Getting into a good routine doesn’t take as long as you might think, and can make a big difference to how your child deals with their asthma triggers, as well as those stressful school mornings. Help things run a bit more smoothly by:
- keeping your child’s written asthma action plan on the fridge or a noticeboard so it’s always easy to find and use every day
- keeping your child’s preventer and spacer in the same place, such as the bathroom cabinet, and making sure your child uses them just before they brush their teeth in the morning and evening.
- getting into the habit of talking to your child’s teachers and friends and family about your child’s asthma.
Boost your asthma knowledge and confidence by taking a good look around our ‘Asthma and your child’ section. Find out more about:
- your child’s asthma medicines and why they need to take them
- the best ways to cut your child’s risk of asthma symptoms
- how to make life with asthma in the family run more smoothly.
Well done - you’re doing really well! Here are a few extra tips to help you stick to a good routine, be ready for symptoms, and encourage your child to learn good asthma management skills too.
Keep the routine going with handy reminders!
Help your child remember to take their preventer inhaler by connecting it to things they do every day anyway like brushing their teeth or getting dressed. Try post-its on the fridge or the front door to remind you to pack your child’s reliever inhaler.
Check your child’s inhaler technique
It’s great that your child takes their preventer inhaler every day – but it’s a good idea to keep an eye on how they’re taking it too. Good inhaler technique means your child’s asthma medicine can be more effective. Ask your child’s GP or asthma nurse to regularly check your child’s inhaler technique.
Be ready for symptoms
Asthma symptoms can come and go and sometimes get worse, for example during hay fever season or when your child goes back to school in the autumn. So make sure you’re on the ball with a written asthma action plan and a symptom calendar. Don’t forget to keep it somewhere everyone in the family can see it too.
Teach your child good habits
Help your child learn how to look after their own asthma when they’re at school or out and about with friends. Getting into good asthma habits means your child can go off and enjoy things like Scout camp, sleepovers and school trips without you having to worry.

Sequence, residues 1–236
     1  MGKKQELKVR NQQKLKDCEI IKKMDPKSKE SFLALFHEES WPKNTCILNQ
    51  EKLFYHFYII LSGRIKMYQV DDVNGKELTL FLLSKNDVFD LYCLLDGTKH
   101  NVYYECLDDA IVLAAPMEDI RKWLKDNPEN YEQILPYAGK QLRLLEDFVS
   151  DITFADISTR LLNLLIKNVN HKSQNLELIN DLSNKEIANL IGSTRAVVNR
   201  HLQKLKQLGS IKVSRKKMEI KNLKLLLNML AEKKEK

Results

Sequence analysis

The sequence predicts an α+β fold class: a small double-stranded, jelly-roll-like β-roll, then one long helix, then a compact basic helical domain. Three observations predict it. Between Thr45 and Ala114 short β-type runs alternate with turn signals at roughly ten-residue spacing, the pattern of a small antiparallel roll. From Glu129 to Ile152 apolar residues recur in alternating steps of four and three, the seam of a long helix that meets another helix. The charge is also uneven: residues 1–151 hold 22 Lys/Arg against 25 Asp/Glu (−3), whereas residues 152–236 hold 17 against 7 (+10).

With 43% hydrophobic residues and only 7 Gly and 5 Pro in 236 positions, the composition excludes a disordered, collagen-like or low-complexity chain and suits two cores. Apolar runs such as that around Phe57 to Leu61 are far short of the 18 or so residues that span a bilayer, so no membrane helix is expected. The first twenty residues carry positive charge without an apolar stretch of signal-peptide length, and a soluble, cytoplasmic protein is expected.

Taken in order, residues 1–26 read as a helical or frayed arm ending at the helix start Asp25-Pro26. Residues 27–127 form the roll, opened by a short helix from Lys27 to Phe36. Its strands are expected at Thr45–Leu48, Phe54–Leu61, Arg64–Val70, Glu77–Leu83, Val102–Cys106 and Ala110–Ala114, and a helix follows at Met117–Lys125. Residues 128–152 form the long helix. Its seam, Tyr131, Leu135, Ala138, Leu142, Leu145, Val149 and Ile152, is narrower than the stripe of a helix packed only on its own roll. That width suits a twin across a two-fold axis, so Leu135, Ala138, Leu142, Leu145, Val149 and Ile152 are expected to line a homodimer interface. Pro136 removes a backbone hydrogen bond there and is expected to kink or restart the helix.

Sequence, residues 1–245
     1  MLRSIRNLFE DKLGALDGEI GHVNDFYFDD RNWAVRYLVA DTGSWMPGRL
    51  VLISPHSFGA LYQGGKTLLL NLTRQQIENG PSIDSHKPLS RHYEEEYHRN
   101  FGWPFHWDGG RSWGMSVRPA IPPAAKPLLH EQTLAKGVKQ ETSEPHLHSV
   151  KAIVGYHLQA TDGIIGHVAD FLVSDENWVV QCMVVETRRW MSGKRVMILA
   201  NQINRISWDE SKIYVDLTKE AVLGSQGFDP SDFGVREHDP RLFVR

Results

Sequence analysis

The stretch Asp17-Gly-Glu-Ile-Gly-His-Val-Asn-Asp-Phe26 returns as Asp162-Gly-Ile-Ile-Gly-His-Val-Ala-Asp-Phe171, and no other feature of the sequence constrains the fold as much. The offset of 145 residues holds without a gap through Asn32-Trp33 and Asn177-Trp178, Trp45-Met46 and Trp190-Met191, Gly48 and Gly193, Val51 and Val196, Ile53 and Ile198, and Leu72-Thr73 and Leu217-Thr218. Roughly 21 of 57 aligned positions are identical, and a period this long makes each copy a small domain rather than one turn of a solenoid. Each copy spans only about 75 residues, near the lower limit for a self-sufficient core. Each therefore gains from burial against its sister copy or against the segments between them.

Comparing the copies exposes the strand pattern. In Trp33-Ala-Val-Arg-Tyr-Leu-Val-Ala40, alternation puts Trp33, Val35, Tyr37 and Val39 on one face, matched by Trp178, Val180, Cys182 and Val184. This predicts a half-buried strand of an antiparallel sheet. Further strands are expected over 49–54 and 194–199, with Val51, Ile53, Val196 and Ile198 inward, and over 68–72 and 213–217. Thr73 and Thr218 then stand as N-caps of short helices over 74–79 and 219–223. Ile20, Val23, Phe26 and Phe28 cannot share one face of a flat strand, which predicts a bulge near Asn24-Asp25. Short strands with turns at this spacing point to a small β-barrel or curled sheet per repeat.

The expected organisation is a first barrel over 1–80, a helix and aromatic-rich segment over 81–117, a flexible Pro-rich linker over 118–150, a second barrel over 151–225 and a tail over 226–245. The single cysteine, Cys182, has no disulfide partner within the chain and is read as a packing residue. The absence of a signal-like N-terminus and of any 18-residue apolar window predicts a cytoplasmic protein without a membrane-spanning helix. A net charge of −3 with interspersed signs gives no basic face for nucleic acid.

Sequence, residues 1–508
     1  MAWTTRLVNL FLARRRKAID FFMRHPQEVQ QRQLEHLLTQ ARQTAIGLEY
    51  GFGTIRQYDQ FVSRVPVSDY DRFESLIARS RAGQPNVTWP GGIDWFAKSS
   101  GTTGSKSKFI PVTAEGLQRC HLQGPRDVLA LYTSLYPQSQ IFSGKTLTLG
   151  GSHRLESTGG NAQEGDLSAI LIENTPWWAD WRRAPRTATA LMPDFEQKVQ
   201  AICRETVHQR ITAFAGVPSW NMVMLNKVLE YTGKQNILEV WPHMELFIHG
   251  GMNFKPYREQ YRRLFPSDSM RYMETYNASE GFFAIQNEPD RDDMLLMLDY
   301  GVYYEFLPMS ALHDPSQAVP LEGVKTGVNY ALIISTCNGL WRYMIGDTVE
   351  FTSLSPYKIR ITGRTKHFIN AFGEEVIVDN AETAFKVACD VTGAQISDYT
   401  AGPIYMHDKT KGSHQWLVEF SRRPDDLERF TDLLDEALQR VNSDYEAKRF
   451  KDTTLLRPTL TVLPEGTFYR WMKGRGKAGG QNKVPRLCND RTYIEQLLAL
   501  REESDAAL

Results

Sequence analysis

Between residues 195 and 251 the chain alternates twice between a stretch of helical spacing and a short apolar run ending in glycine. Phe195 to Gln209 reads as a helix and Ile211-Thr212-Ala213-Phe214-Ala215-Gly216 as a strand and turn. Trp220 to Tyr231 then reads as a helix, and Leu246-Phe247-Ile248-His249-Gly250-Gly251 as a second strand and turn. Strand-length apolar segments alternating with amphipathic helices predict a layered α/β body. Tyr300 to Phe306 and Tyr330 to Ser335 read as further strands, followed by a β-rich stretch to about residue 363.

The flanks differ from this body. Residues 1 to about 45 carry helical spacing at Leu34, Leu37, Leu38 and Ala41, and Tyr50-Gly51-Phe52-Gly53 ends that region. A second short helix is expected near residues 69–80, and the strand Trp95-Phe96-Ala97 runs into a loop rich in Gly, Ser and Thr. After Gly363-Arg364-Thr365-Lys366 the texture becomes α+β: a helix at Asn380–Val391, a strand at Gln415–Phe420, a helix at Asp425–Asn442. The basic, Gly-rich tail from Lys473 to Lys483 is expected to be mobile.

You’re someone who’s a bit too easy-going about your child’s asthma. But if asthma isn’t managed well it can develop into an asthma attack. It’s time to take asthma more seriously! You’re in the right place for expert advice on the best ways to keep your child symptom-free and cut their risk of an asthma attack.
Try two things to cut your child’s risk of an asthma attack
- a written asthma action plan is recommended as the best way to cut your child’s risk of symptoms and asthma attacks – so make sure your child doesn’t miss out
- take up the offer of an asthma review for your child every six months. This is the best way to make sure your child’s getting the best care for their asthma – it’s also a chance to ask questions and check your child’s inhaler technique
Get to know your child’s medicines
If you know a bit about your child’s asthma medicines and how they work it’ll help you get clear on:
- why your child needs to take their preventer every day, even when they’re feeling well
- why it’s a good idea to have your child’s reliever inhaler with you all the time in case they get symptoms.
Get yourself into a good routine!
Make looking after your child’s asthma part of their daily routine, as simple as brushing their teeth morning and night. Taking their asthma medicines as prescribed, even when they feel well, means you and your child can carry on enjoying things from parties and play dates to new school terms because they’re less likely to have asthma symptoms getting in the way.
Results a bit of a mixture?
Whatever your results were, whether it was a clear A, B or C, or a mixture of all three, the main thing to remember is how a few simple things can help your child stay well and boost your confidence about asthma and how to manage it.
The more you can fit your child’s asthma care into your usual routines as a family, the easier it will be for everyone, including your child, to get on and enjoy life without asthma getting in the way.
And if it turns out that you answered differently to your partner or others in your family, don’t despair! See it as a chance to find out more, talk it through and arrive at common ground.